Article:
What type of horse is suited to the rigours of the MC?

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Melbourne Cup.

Consider the first four home this year — their diverse profiles are fascinating.

German-bred winner Almandin had run only 11 times previously, yet had finished second, beaten three lengths, to a French champion in Solow, in a small race over 2,000m at Longchamp in 2014.

The same year, Almandin had beaten Protectionist, a subsequent Melbourne Cup winner, when winning a G2, over 2,200m at Baden Baden. His new owner, Australian Lloyd Williams, brought him to Melbourne, but the Monsun gelding suffered a tendon injury and did not run for two years.

Coming into Tuesday’s Melbourne Cup, he had not had a public outing since winning the G3 Bart Cummings Stakes at Flemington on Oct 2 — unusual for a locally-trained horse. Because of his injury, he had been sparingly raced.

Runner-up Heartbreak City had been bought out of a claimer at Deauville in France in 2013 by his current trainer Tony Martin as a dual-purpose horse. It is very common for older horses in Ireland to run both over jumps and on the Flat.

It proved an astute purchase by Martin as Heartbreak City went on to win the showcase Galway Hurdle, and followed up with a win in Europe’s richest staying handicap, the Ebor at York.

Although French-bred, Heartbreak City is a son of Lando, a German champion. He had won six of his 22 starts before Tuesday.

Third home in the Cup, Godolphin’s Hartnell, had been mixing it with the staying elite in Britain as a three-year-old, winning the Listed Queen’s Vase at Royal Ascot and finishing seventh in Kingston Hill’s Doncaster St Leger when trained by Mark Johnston.

But he has taken on a different guise with John O’Shea in Australia, having won five of his 14 starts in his new environment. Hartnell is by a Derby winner Authorized, out of a mare by Anabaa, a brilliant sprinter but a sire capable of getting middle-distance types.

And that brings us to Qewy, perhaps the most interesting of them all. He had won four of his 23 starts before Tuesday, including a decent race over hurdles at Newbury in the UK, and finished a respectable fifth in the Supreme Novices Hurdle. He was also twice placed over fences at a high level. Godolphin secured Qewy when John Ferguson disbanded Bloomfields, his jumping stable, earlier in the year.

Putting all the evidence into the mixer, it seems you need an experienced horse, preferably one with up to 20 starts on the clock. He needs to have started his career with another trainer — and any German lines to his pedigree should be taken as a positive.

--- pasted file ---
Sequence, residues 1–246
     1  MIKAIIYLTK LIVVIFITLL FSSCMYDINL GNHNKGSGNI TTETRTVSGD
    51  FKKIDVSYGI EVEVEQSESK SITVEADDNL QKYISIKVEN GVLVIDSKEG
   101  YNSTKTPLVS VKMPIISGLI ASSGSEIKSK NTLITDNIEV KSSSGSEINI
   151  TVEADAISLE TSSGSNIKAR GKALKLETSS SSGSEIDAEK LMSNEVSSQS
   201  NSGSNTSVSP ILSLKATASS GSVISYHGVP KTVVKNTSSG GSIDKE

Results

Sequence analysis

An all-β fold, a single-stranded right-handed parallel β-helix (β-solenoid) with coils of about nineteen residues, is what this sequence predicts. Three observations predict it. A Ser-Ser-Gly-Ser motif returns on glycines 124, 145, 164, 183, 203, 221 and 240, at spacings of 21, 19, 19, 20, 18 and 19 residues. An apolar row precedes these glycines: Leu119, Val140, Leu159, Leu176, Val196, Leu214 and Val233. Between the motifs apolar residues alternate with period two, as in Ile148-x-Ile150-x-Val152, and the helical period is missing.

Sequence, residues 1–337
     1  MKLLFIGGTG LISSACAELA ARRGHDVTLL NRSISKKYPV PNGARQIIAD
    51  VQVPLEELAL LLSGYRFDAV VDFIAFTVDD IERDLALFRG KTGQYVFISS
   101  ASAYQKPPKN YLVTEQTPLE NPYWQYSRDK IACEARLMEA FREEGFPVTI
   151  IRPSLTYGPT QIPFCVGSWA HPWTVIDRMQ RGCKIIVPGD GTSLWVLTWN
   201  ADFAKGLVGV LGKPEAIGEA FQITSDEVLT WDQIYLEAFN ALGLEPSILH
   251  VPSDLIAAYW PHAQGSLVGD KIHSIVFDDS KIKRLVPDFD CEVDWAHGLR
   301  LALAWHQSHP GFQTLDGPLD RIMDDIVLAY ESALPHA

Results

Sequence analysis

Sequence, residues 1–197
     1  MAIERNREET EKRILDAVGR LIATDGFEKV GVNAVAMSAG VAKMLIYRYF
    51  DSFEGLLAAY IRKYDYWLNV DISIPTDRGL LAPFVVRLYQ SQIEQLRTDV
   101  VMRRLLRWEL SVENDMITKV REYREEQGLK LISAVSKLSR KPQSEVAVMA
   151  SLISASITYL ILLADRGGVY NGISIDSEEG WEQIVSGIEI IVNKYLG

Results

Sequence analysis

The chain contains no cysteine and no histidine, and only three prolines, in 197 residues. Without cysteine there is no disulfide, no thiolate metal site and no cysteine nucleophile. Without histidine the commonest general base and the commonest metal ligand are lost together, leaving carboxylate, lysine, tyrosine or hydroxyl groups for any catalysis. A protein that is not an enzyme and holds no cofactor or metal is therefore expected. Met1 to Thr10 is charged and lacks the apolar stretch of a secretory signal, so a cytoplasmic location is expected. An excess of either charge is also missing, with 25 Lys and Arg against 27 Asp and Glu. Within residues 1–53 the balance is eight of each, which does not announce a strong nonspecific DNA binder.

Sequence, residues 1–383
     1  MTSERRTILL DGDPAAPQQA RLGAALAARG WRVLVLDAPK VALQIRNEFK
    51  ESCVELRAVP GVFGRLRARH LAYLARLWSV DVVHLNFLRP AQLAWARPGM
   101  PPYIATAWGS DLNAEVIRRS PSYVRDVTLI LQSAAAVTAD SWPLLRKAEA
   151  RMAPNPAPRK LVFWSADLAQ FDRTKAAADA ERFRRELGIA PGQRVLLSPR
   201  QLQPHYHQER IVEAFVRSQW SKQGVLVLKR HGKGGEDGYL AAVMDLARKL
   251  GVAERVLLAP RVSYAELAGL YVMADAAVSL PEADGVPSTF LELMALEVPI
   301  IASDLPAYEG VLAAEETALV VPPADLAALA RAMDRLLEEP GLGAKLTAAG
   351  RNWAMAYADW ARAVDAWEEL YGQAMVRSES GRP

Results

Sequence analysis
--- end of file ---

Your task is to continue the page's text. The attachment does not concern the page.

One other factor to consider is that the experience of jumping in a horse’s past should never be viewed as a negative from a Melbourne Cup perspective.

The guidelines are there, but there are no rules.

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Melbourne Cup Diary from thrilling final

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Almandin found that little bit extra to provide both jockey Kerrin McEvoy and trainer Robert Hickmott with a second taste of Melbourne Cup glory.

Joint-owner Lloyd Williams is a ubiquitous presence upon the winner’s podium and was claiming a fifth victory in the so-called “race that stops a nation”.

Godolphin were responsible for five runners in their pursuit to win the Melbourne Cup, with the Hartnell third – some four and a quarter lengths away from the main protagonists – and Charlie Appleby’s Qewy a staying-on fourth.










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Godolphin's Hartnell finishes third at Melbourne Cup

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Almandin took home the 2016 Melbourne Cup.

Almandin’s Emirates Melbourne Cup victory proves just how difficult it is to win the race that stops the nation. You have to have the right horse and an element of luck comes into this on race day too.

Godolphin’s brightest hope Hartnell was absolutely brilliant, finishing third behind Heartbreak City. The problem was he’s had a really strong campaign – his last run behind Winix was superb – but I think he didn’t stay home for the last few furlongs. This race is two miles and he needs something shorter as he’s a class act over a shorter distance.

Hartnell jockey James MacDonald expressed some frustration after the race and you can understand why. You’re on the favourite, you think you have a huge chance and James– as one of the brightest young jockeys – was desperate to win.

It’s a huge deal. It’s like losing a World Cup final. If you don’t win, you feel dejected. Second or third is not good enough for these guys. They want to win.

The Melbourne Cup is one of Australia’s great sporting events with over 100,000 spectators turning out at Flemington. It’s as big as it gets for racing fans and it means everything to them.

It may not be a grade one race but it has so much history stretching back 156 years. That’s why it’s important for people to win and that’s why James MacDonald is disappointed that he didn’t get his name on the roll of honour.

I was speaking to John Ferguson, CEO and Race Manager for Godolphin, after the race and he said Oceanographer was unable to back up his stunning run on Saturday, but it was always going to be difficult.

Qewy was also superb, and Saeed Bin Suroor’s other two horses – Beautiful Romance and Secret Number – simply weren’t good enough to keep up with the pack.

Hartnell lost nothing in defeat. The top two went so far clear but he did a great job but didn’t have the stamina – this is what the race is all about.

The winners enclosure at @flemingtonvrc #MelbourneCup

A photo posted by Sport360 (@sport360) on

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